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Wilco Haven’t Just Endured, They’ve Gotten Better

‘Ode To Joy’ cements their legacy as the greatest band of our time.


By Josh Terry

Jeff Tweedy is currently in one of the most impressive creative streaks of his career. The last five years for the Wilco frontman and Chicago artist have been astoundingly prolific. In 2014, the band he formed with his son Spencer, Tweedy, released an excellent double album called Sukierae. Later there were back-to-back Wilco albums with 2015’s noisy Star Wars and 2016’s irreverent and understated Schmilco. The half-decade also saw the release of a trio of Tweedy solo records including 2017’s Together At Last, an acoustic reimagining of his catalog, plus a pair of scrappy new LPs in 2018’s WARM and its 2019 follow-up WARMER. Take all that plus his 2018 memoir Let’s Go Back (So We Can Get Back) and other surprising artistic detours, and Tweedy looks unstoppable.

Wilco’s eleventh album Ode To Joy, out Friday, is the stunning culmination of this run. It’s the kind of LP that showcases a band finding new ways to stay relevant as it’s passing the quarter-century mark. The music is weary, but it’s also the prettiest entry in the Chicago outfit’s vast discography, one that synthesizes every era of the band’s career into something forward-thinking and essential. Here, Tweedy’s songwriting is at his most observational, musing on death, finding hope in the miserable state of the world, and stability in his wife and family. His band, which has had the same lineup for nearly half of Wilco’s entire history, is the best it’s ever been. Even though these are largely quiet arrangements (like the subtle acoustic strums in “One and a Half Stars”), the musicianship is outstanding.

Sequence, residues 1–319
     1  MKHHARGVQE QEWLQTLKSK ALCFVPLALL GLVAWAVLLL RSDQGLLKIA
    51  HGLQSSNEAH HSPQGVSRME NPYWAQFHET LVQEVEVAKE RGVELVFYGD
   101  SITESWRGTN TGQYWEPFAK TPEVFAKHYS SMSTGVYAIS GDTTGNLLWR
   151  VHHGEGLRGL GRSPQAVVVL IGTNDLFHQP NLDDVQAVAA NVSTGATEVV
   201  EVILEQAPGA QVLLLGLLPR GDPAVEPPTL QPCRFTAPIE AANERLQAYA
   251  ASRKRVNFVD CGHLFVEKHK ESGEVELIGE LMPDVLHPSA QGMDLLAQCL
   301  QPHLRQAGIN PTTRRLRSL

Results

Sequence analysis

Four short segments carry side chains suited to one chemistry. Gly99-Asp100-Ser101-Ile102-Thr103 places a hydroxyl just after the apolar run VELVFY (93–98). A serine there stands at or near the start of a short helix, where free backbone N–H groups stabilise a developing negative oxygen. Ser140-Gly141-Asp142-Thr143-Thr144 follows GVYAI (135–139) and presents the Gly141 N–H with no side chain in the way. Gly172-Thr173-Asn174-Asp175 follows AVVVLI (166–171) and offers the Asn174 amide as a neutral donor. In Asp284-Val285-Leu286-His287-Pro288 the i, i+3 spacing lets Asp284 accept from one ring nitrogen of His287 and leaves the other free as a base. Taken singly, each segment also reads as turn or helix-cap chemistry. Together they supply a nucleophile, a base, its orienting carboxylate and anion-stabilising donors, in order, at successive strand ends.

Risks are necessary for a band that’s been around this long and they’ve consistently been an important part of Wilco’s DNA. Every album in their catalog boasts substantial sonics tweaks, with 2002’s Yankee Hotel Foxtrot being the most obvious example: an LP that so daringly added elements of the Chicago experimental scene that their record label refused to put it out, even though it is now arguably Wilco’s most cherished body of work. Recent LPs like Star Wars and Schmilco have attempted to blow up the formula entirely with their winking humor and purposefully challenging arrangements like the delightfully wonky “EKG” and “Common Sense.”

As Wilco’s frontman, Tweedy is of two minds about this. In interviews, he frequently jokes about alienating the band’s longtime fans. (And sometimes, like when Wilco releases an album with a cartoon cat on the cover or calls their album Schmilco it doesn’t feel like Tweedy is kidding about pissing off diehard fans). But he’s long understood that trying new things is the only way to have his songs relate to new people, and Tweedy’s one defining ethos as a songwriter is reaching out. He recently said to Spin, “I look at every record, and every opportunity to perform, as an effort to make a connection, to reach out and invite as many people as you can get to pay attention. Otherwise, I don’t know what the point is.”